Given the way it’s gone for Cleveland of late, it’s not surprising that things turned ugly on Monday morning. It is a little surprising, though, that the target was Love. (Though, when you think back on Love’s Cavs tenure, maybe it shouldn’t have been.)
All Love’s done this year is accept a shift to center to try to maximize the floor-spacing and offensive punch of these Cavs, and responded with the most productive per-minute and per-possession play of his time in Cleveland. He’s averaging an efficient 18.6 points per game on 45.9 percent shooting and a 40.1 percent mark from 3-point land, pulling down nearly 10 rebounds per game, and continuing to play his brand of effective, low-turnover, complementary ball.
Four days ago, head coach Tyronn Lue was calling for the Cavs to play more frequently through Love — the gifted and versatile big man he famously called a “bad [expletive]” during Cleveland’s run to the 2016 NBA Finals — when they start to stagnate. Now, Love’s teammates are accusing him of faking an injury so he can get out of Dodge. Life comes at you fast in Northeast Ohio, man.
In the big picture, even this putrid run hasn’t doomed the Cavs. They’re still 27-18, still in third place in the East, still only six games back of the top-seeded Boston Celtics with an awful lot of season left to go. But they’re in trouble, and their “prominent” players know it, which is why we’re hearing a lot about DeAndre Jordan and Lou Williams, and George Hill, and Kemba Walker, and Kent Bazemore, and Marc Gasol, and Derrick Favors, and 100 other potential midseason acquisitions who might bolster Cleveland’s efforts to make a fourth straight NBA Finals (even if they’re basically playing a different sport than the Golden State Warriors at this point).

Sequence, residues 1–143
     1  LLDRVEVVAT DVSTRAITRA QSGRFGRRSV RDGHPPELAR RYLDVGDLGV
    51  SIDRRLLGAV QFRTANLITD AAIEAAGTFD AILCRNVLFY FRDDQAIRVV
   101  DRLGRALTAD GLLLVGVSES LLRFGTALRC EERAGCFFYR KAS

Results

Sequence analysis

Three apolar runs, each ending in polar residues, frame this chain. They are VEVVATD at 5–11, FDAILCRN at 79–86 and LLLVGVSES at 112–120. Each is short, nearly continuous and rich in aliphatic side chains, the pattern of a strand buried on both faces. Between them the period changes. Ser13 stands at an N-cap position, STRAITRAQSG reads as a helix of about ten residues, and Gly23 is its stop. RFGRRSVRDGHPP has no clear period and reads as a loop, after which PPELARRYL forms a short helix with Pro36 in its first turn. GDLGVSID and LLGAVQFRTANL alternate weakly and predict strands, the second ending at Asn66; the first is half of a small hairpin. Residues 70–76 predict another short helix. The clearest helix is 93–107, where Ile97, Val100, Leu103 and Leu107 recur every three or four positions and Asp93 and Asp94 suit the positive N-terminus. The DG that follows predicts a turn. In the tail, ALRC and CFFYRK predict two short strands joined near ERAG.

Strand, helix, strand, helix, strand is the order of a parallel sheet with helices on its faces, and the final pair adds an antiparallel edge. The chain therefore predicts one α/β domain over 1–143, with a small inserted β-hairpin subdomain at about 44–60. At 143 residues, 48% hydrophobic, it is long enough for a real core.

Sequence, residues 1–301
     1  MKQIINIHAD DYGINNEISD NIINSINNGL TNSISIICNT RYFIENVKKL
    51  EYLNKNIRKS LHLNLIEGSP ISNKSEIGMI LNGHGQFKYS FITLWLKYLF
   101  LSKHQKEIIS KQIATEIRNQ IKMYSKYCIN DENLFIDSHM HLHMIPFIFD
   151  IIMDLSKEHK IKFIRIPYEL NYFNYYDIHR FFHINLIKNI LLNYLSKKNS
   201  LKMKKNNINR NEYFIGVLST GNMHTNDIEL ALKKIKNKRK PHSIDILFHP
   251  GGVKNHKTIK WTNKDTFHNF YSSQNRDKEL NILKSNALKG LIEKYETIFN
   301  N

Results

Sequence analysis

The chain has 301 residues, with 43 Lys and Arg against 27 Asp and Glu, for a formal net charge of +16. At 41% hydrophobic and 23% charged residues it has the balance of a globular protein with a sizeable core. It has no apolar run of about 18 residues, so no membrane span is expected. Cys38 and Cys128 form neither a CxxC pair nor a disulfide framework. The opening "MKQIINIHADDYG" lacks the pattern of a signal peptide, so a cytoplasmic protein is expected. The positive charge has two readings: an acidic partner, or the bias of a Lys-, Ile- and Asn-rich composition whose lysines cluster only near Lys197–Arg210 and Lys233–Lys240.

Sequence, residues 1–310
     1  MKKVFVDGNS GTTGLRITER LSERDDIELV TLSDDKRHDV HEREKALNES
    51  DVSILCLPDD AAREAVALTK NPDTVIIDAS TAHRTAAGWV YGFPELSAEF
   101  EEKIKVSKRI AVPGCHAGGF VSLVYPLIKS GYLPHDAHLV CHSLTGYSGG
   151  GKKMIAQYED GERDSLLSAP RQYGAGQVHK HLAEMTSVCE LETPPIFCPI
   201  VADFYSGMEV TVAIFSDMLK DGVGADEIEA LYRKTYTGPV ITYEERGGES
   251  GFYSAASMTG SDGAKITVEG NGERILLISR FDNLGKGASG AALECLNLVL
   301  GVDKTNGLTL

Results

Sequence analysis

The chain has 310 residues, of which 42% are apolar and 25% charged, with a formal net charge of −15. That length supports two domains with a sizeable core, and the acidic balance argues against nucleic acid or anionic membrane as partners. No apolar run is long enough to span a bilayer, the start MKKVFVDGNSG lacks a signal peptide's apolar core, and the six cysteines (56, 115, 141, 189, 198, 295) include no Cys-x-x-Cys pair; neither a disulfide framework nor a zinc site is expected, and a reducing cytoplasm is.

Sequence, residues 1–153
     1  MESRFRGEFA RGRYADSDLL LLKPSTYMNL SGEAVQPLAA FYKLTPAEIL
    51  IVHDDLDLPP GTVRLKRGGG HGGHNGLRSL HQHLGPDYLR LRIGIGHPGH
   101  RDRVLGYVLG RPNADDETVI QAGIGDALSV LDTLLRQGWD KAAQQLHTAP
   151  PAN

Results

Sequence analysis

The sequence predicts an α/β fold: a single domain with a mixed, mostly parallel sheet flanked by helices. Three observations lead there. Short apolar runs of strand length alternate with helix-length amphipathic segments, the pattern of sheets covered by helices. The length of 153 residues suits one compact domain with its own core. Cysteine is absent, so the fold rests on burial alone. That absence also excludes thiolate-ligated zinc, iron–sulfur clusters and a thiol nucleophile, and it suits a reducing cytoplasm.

The Cavs need something, anything, to try to distract from the reality that, as Jason Lloyd of The Athletic reports LeBron is “privately acknowledging to those around him,” their current state of affairs is “the worst it has been since he returned” to Cleveland. In the absence of an actual reason to believe, maybe an airing of grievances — even small, perhaps ridiculous ones — will suffice in a pinch.
That seems to be the hope in Cleveland, anyway. Woj reports that “there was a sense that the team was largely accepting of Love’s explanation, and that the airing out of issues could have a positive impact on what has become an increasingly fractured locker room.” With no shortage of targets for blame and plenty of work to be done to fix what’s ailing the team that’s had the East in a chokehold for three years running, any sign of hope will have to do for now. But if the Cavs don’t start translating all this talk into meaningful action on the court, then what keeps showing up on film ought to be sickening enough to ensure that neither Love nor anybody else in wine and gold has to go around faking any time soon.